Category Archives: Tablets

Create memories from your holidays

OK, a bit of a rant. I’ve just come back from a great time away and I’ve got lots of memories – in my head. What I noticed is that so many other people only saw what I saw through a phone screen. They didn’t actually see anything at all.

Screens aren’t the same as your eyes: they don’t show the depth of the scene or the grandeur (even if you do have a 6.9 inch screen!). That’s why looking at other peoples’ holiday snaps is rubbish – it’s not like being there.

My epiphany came at an event about ten years ago when I photographed everything all day (on a real camera, even) and realised that I hadn’t really been at the event. The viewfinder and screen created a barrier to being part of it – I had seen nothing at all for real.

So, yes, take pictures but then put the technology away and look at it for real. Savour it; appreciate it.

I can see the images in my mind of all the amazing things and places that I saw: the depth, the colours, the magnificence. So much better than a flat image. And I still came back with 2,500 photos!

Battery care

Batteries are an important part of our lives, whether in phones or laptops. The technology is evolving, as is best practice to maintain your batteries in their best health.

An early contender was NiCad (Nickel Cadmium) followed soon my NiMH (Nickel Metal Hydride). NiCad couldn’t store much power for their size, in both NiCad and NiMH, the power drained away quite fast and had another big problem. This was that they could lose capacity quite easily, due to overcharging. When most laptops used NiMH batteries I recommended taking the battery out if using it mostly on the mains. Otherwise the battery gets ‘cooked’ and won’t hold charge. Then the battery tells the computer it doesn’t feel well and the computer won’t start unless the battery is removed.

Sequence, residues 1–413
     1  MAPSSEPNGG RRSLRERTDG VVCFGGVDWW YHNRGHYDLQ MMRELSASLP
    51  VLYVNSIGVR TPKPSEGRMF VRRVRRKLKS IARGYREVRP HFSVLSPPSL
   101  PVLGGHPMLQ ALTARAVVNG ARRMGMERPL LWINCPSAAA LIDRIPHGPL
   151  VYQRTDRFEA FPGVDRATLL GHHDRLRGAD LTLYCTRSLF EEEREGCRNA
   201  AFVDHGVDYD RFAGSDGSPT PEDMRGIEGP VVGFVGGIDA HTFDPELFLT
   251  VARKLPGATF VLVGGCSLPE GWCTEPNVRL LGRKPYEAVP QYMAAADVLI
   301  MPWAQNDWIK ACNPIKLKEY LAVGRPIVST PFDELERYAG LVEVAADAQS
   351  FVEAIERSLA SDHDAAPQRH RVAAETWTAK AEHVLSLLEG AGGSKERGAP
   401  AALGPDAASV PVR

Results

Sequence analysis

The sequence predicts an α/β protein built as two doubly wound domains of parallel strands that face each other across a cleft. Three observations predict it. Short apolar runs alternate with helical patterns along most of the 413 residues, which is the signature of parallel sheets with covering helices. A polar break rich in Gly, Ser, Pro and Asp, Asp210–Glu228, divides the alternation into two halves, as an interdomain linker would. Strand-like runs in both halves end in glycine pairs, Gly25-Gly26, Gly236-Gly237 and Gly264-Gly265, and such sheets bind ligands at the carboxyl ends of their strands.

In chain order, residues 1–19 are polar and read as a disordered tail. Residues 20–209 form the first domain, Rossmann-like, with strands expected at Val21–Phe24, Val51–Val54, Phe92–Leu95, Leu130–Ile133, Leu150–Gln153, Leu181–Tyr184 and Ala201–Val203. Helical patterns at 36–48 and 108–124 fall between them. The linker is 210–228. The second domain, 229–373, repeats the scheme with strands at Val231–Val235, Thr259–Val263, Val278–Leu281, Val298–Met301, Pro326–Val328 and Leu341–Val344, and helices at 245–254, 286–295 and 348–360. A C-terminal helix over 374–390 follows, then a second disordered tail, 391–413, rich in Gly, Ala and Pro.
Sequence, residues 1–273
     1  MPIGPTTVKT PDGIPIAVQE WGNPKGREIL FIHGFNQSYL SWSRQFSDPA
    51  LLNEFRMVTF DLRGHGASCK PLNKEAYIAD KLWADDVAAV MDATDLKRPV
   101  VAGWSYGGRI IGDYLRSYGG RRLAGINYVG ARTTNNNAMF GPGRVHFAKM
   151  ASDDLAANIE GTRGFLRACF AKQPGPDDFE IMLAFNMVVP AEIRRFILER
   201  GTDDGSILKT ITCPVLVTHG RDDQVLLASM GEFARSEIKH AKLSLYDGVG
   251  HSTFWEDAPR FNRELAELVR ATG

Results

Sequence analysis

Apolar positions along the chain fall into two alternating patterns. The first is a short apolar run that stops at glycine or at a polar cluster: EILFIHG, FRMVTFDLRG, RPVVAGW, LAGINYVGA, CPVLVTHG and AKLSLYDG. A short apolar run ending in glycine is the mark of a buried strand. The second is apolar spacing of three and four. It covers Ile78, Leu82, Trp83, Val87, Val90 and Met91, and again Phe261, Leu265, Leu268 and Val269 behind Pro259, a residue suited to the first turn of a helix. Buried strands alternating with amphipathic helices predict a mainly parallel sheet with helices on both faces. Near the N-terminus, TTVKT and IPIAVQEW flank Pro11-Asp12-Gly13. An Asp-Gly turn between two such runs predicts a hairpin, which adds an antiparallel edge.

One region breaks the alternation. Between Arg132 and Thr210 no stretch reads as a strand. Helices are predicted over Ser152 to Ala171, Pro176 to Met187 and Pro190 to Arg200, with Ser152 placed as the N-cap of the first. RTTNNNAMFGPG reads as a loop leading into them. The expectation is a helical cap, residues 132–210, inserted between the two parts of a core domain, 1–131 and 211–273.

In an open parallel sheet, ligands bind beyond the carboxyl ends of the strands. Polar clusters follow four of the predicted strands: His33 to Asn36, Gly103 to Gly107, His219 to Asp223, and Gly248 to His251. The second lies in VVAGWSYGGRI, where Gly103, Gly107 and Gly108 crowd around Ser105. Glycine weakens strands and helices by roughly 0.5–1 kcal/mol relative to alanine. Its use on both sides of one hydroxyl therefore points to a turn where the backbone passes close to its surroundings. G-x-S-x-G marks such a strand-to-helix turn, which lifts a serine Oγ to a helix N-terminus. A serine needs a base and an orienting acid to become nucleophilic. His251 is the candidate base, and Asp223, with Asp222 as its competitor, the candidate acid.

NiMH is still used for conventional rechargeable batteries like AA

Battery technology has moved on and for devices built around rechargeable power (Phones, tablets and laptops) Lithium-ion is the current market-leader. This is more efficient for its size, retains charge longer and can be moulded around other components. This means that it is quite hard to remove the battery, but fortunately modern devices have circuitry to prevent the overcharging of batteries. Nevertheless there is still a downside, which is the number of full recharge cycles affects the capacity of the battery. So, unlike NiCad and NiMH, it is a bad idea to run Lithium Ion batteries right down. Recharging at 20% or so will prevent a full recharge cycle and preserve your battery for longer

The latest technology is Lithium Polymer, which is safer than other batteries. These batteries can also be made in much thinner sizes and also hold more power for their size, although they have a shorter life. Apple uses this type of battery quite extensively. These batteries tend to be in pouches rather than rigid container and the main downside is as they get to the end of their life, they tend to expand. I’ve seen a phone with the back pushed off and had a laptop which ‘blew’ the back off when I took the screws out.

Take note of your meetings